NOAA's Okeanos Explorer Live Feed

More than 95% of the ocean remains unexplored...
The Okeanos Explorer wants to change that

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Take a virtual voyage to the deep sea by watching NOAA's Okeanos Explorer live feeds

The Okeanos Explorer

Since we can't all hitch rides with to the bottom of the sea, (the National Oceanic and Atmospheric Administration) is giving us a virtual tour to Neptune's realm during missions of the Okeanos Explorer through live feeds.

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 NOAA's Okeanos Explorer Live Feed: ROV Camera. Note: The video is muted by default.

The Okeanos Explorer is the only NOAA ship to have a dedicated ROV (Remotely Operated Vehicle) on board. Although ROVs have been used on other NOAA ships, they are usually removed at the end of a trip. Having a long term ROV makes it a lot easier to deploy at any time of course. On board the Okeanos Explorer, there is a control room for handling the ROV and the communication equipment. The live feeds of Okeanos Explorer makes it more efficient to support long-term exploration in distant areas of our planet.

NOAA Ocean Explorer

"America's Ship for Ocean Exploration," the Okeanos Explorer is NOT a research vessel. Its mission is to explore and map the seafloor. It does that with the help of the "multibeam" (a sonar mapping system), the CTD (Conductivity Temperature and Depth sensor) and a remotely operated vehicle (ROV).

High-definition videos from the underwater ROV can be sent to the ship and then to the coast, all in real-time, thanks to "telepresence" -- a mix of technologies which allow an individual to feel as if they were present at a place other than their real location.

noaa okeanos explorer
This is NOAA's Okeanos Explorer. Image Source.

How the Ocean Explorer Transmits its Data?
The Okeanos Explorer's V-SAT (Very Small Aperture Terminal), wrapped in the ship's large golf-ball dome, can send video live feeds and any other information through Internet2 -- a high-speed internet connection widely used by universities.

The Okeanos Explorer Live Feeds

Throughout the live camera feeds of Little Hercules (Okeanos Explorer's remotely operated vehicle) we can explore the depths of the northern Gulf of Mexico from the safety of our homes. So, what are we looking at? Well, you're watching video feeds from the ROV as it investigates the bottom of the ocean. The video feeds change during the day (or night) based on ROV's current mission. The video feed on top of this page is the LIVE view from the remotely operated vehicle, while the video below is the LIVE feed from the Seirios Camera (showing the "Little Hercules" ROV when in a mission).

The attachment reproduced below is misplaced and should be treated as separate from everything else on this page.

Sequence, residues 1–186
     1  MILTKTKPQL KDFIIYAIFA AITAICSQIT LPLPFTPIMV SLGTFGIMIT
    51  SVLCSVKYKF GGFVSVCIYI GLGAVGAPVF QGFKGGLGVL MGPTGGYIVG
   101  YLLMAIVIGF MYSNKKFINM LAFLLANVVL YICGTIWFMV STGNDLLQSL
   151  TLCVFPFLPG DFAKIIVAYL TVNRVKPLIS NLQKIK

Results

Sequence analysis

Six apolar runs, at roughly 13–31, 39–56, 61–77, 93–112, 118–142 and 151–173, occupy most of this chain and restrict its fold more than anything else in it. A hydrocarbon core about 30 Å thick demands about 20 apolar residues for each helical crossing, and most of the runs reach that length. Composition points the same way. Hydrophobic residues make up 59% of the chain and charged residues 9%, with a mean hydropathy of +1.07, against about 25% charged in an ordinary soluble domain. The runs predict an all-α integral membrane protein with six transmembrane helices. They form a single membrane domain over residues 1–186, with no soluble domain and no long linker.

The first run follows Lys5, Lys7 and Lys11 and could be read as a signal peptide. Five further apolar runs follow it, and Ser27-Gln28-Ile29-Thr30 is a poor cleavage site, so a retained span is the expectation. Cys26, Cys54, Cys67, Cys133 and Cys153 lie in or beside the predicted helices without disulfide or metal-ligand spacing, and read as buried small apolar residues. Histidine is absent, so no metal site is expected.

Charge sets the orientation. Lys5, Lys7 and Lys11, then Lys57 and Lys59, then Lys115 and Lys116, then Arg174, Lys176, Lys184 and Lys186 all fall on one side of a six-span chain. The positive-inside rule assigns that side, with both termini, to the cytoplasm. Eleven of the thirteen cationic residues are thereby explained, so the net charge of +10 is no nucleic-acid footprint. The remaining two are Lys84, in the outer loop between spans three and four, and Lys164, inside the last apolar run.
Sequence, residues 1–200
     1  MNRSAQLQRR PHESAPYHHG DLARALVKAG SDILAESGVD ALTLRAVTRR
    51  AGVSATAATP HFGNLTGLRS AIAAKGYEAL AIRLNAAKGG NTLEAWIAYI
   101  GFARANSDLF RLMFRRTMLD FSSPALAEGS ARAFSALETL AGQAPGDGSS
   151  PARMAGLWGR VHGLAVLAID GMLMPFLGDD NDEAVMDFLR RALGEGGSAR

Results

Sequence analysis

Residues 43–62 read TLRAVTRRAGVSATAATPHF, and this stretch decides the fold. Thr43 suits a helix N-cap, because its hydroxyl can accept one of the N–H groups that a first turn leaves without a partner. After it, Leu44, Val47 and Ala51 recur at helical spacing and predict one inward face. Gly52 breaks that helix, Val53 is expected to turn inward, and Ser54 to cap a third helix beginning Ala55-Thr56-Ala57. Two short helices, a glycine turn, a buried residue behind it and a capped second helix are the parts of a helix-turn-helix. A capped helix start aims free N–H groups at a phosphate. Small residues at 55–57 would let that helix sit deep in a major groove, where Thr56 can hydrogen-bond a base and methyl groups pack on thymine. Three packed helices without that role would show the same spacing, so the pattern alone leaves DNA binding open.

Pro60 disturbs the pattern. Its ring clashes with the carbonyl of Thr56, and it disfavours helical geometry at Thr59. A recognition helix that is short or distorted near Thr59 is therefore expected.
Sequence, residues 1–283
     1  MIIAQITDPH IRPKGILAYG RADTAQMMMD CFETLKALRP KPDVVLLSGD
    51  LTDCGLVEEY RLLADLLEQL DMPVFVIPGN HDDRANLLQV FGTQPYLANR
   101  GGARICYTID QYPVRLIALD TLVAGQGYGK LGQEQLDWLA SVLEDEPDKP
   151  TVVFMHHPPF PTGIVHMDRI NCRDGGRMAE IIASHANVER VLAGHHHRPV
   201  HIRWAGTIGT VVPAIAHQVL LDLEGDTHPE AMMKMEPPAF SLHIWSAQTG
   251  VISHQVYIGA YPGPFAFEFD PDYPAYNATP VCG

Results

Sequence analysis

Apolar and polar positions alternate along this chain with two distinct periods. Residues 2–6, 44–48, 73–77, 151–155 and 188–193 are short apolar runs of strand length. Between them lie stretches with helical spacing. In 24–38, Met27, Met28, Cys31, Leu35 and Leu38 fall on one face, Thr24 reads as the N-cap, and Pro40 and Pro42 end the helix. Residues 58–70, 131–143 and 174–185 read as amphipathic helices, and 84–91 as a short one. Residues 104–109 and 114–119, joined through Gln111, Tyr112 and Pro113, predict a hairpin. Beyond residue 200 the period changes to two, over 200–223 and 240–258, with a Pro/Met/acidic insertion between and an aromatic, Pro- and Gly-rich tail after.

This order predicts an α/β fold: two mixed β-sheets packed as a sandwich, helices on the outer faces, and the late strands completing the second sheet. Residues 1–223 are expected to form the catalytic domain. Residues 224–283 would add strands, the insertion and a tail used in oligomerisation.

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 NOAA's Okeanos Explorer Live Feed: Seirios Camera. Note: The video is muted by default.

When the ROV is NOT in a mission, you may see previously recorded footage on both feeds. Also, during "Little Hercules" launch and recovery, you may see live footage from the port and starboard HD robotic cameras. Should you want to keep your eyes on the Okeanos Explorer live feeds, know that the dive schedule is pretty straight forward: the ROV is launched in the water daily around 8:00 am EDT (Eastern Daylight Time, USA & Canada) and brought back to the ship around 5:00 pm EDT.

It can take from 45 minutes to over 3 hours to get to the bottom of the ocean (or back to the surface) -- so if you only see blue water when you first click the videos, don't worry about it. Just get back to the feed later, but make sure you leave the sound on, so you can hear the commentary.

Sometimes, when you see strange graphics on the screens, mapping operations take place. The ROV is not in the water at that time, and you can watch the seafloor being mapped in real-time. But that's kind of boring if you ask me. Just make sure you tune in on time to catch all the dive missions of the "Little Hercules." The deep sea is a mysterious place, and the Okeanos Explorer anticipates discovering new ecosystems and species.

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